A couple of winters ago, something absolutely terrifying happened at a European ski resort. A German tourist in the Austrian Alps was "forgotten" on a ski lift. He went up for one last run before they were going to close down for the day...and before he got to the top of the hill, they actually did close for the day, leaving the man stranded.
The 22 year-old skier, who had left his cell phone behind, was stuck for nearly five hours in temperatures reaching 0 degrees Fahrenheit. The young man was finally rescued when a snowcat driver caught sight of him burning money in order to keep warm.
This real-life event was fortuitous for the makers of last winter's chill-thrill film, Frozen. The plot of the low-budget flick is almost exactly the same. Three friends get stuck high on a ski lift on a Sunday night after a New England resort closes for the week. Parker (Emma Bell), Joe (Shawn Ashmore) and Dan (Kevin Zegers) are left to try to find a way to get down or face the prospect that they will freeze to death.
This could have been a good movie. It really could have been.
That is, if someone had spent any time outdoors at all. That is, if someone had researched frostbite and cold weather injuries. And that is, if they weren't trying to make a horror movie and instead were just trying to make a tight and engaging story.
The characters in this movie had a hard time thinking about how to stay warm. Joe, the lone skier in the group, never puts up his hood, no matter how cold it gets. Parker looses a glove early in the movie and then decides that it's a good idea to go to sleep on the ski lift with her hand wrapped tightly around the metal safety bar.
These are things that just wouldn't happen in real life. It's really hard to suspend disbelief when it's clear that the actors aren't really cold and have never really been cold. Nobody ever really shivers in the entire movie and the film-makers are far more interested in getting some gore out of the cold weather injuries than some reality.
The biggest problem of all with this film is that this is exactly the type of movie a low-budget production company could do very well. It is a tight and simplistic storyline that, when character driven, could be a tremendously engaging story. The problem here is that the characters are paper thin. They have nice back-stories, but they are just such dumbpeople, it's hard to really be engaged by them instead of by their situation. This is definitely one of those movies where you spend a lot of time yelling, "no! No! No! Don't do that!" And then you sigh and say, "that was a really stupid thing to do..."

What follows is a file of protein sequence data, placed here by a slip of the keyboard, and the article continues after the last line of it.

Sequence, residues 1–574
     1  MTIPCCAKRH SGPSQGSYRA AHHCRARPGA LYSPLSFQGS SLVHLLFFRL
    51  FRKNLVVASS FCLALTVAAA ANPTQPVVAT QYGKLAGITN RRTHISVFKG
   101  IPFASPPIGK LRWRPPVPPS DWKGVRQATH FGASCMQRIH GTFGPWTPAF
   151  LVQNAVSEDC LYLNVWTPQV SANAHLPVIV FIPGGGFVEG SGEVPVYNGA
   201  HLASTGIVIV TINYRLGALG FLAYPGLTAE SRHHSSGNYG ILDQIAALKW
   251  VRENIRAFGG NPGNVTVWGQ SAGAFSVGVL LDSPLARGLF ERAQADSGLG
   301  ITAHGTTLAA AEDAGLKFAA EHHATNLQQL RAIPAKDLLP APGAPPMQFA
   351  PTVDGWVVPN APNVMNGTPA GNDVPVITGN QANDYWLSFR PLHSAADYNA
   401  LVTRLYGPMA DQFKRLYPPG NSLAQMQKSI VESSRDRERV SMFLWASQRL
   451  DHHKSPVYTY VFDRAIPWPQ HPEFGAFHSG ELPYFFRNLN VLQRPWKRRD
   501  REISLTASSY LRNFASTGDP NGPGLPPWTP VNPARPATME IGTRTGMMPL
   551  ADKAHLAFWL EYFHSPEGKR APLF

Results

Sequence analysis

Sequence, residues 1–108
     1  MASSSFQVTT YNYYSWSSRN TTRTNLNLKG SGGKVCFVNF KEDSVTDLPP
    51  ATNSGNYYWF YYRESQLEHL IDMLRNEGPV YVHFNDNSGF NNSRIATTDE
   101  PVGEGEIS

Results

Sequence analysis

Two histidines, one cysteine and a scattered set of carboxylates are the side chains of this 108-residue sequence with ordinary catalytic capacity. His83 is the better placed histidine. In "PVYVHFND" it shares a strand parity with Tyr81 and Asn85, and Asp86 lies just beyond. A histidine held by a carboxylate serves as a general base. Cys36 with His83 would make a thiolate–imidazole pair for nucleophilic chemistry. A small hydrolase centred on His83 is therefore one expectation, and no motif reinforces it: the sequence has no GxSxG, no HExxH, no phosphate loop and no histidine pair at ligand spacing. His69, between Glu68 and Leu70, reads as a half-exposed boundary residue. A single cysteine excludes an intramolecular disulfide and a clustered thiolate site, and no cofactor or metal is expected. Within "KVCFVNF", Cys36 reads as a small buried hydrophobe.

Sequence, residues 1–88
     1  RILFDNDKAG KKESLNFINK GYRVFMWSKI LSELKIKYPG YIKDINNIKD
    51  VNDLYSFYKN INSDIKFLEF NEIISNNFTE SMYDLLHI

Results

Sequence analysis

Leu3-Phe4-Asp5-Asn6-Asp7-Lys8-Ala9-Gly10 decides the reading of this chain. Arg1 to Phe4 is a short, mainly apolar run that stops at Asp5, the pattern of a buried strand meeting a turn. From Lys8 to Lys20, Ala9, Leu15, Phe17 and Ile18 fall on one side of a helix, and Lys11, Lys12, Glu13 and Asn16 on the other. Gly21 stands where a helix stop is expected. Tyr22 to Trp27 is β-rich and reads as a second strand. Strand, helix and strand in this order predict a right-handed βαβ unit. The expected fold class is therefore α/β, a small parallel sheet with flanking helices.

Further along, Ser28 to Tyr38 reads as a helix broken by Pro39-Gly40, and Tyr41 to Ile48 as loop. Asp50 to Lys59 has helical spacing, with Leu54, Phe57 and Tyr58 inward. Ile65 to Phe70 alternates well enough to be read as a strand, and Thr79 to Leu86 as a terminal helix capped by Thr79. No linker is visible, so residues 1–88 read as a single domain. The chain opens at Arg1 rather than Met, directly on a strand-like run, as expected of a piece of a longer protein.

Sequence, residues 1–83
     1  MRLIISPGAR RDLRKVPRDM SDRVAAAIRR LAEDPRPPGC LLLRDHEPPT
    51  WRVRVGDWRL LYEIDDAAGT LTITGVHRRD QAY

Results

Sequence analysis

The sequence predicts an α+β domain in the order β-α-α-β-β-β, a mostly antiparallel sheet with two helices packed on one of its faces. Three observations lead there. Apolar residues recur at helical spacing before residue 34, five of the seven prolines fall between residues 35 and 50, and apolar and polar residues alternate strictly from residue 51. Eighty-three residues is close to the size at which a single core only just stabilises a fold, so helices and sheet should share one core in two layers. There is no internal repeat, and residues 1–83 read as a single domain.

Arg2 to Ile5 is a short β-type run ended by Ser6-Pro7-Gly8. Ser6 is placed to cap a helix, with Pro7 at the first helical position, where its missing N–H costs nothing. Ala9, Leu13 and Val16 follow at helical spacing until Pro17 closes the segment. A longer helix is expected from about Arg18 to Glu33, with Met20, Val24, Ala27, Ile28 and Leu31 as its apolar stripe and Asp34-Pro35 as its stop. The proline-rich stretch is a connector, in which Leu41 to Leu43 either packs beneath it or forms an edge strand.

All that said, this movie has one major thing working for it. It's the same thing that works in movies like, Open Water where a pair of scuba divers are left at sea by their tour boat, or in The Blair Witch Project, where a group of documentary film-makers become lost in a haunted forest...it's the what-would-I-do-if-I-were-in-this-situation factor. And Frozen is flush with what-would-I-do situations. The likelihood -- if you read this blog regularly -- is that you probably wouldn't do the same things that these not-very-outdoor savvy individuals did.
I suspect that most of you would zip up your jacket and put up up your hood in the cold. I suspect that most of you would not lose your gloves. And if you did lose your gloves, I bet that you would keep your hands in your pockets. Indeed, most of you would probably have cell phones and the problem would be solved without any real drama.
The characters in this movie are not bright and sometimes you do get angry at their choices. But that element, combined with the what-would-I-do element, keeps Frozen from being all bad...and in fact even makes it mildly -- and I stress mildly -- entertaining.
--Jason D. Martin